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Traditional-values groups are hoping Gov. Susana Martinez will step in.

Close to 2,000 emails have been sent to her to protest such lawlessness, said Christopher Plante, regional coordinator of the National Organization for Marriage.

Beginning with President Obama’s decision not to defend DOMA, “there’s this idea that with the marriage issue, it’s OK to defy the law, it’s OK to be a law unto yourself, it’s OK that if you’re in the executive branch, you’ll suddenly become part of the judicial branch and declare things unconstitutional,” Mr. Plante said. Now it’s “trickled down” to the clerks.

Mrs. Martinez, a Republican, said she thinks voters — not courts, politicians or “one random county clerk” — should decide issues regarding same-sex marriage.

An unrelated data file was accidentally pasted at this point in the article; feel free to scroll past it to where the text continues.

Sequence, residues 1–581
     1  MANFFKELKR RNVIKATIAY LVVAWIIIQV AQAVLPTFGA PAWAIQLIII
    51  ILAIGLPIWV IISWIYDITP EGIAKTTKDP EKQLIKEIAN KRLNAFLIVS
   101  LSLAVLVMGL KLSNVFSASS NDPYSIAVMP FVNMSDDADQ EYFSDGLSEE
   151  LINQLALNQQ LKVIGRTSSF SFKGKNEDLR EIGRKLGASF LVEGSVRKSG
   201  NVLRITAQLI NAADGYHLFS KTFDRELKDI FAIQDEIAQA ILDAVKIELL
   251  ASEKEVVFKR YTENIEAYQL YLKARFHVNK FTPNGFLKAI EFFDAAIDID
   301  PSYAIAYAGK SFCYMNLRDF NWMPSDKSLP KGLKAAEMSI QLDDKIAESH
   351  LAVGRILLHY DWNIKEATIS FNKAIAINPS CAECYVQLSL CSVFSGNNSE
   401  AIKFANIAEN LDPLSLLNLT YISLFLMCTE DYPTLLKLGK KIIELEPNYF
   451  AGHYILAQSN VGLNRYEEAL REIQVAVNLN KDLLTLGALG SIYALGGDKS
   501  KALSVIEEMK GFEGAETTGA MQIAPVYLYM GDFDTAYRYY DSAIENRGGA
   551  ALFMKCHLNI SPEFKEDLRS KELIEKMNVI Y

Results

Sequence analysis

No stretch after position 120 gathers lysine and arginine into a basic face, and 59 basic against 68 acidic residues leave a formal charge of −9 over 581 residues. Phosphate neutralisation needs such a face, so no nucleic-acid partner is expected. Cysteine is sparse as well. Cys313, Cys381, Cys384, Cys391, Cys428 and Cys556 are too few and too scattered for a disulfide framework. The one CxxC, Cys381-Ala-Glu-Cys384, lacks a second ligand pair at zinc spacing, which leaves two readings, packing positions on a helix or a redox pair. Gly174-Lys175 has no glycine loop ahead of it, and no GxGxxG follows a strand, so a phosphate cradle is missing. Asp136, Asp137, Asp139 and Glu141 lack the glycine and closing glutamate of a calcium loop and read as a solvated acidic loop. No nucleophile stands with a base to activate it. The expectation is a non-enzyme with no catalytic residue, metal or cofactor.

Next month, court rulings are expected in Illinois and New Jersey that could pave the way to gay marriage. Such lawsuits also have been filed in Arkansas, Hawaii, Kentucky, Michigan, Nevada, North Carolina, Oklahoma, Utah and Virginia.

In the political arena, Hawaiian Gov. Neil Abercrombie, a Democrat, may call a special legislative session to permit lawmakers to enact gay marriage. In Oregon, gay-rights activists are collecting signatures to repeal a voter-passed constitutional amendment that permits marriage only between a man and a women. Gay-rights groups in Florida and South Carolina are planning campaigns against similar state amendments.

In Indiana, where lawmakers have a year to decide whether to let voters speak on gay marriage, a group called Freedom Indiana recently said it would call for them to abandon that course.

This article is based in part on wire service reports.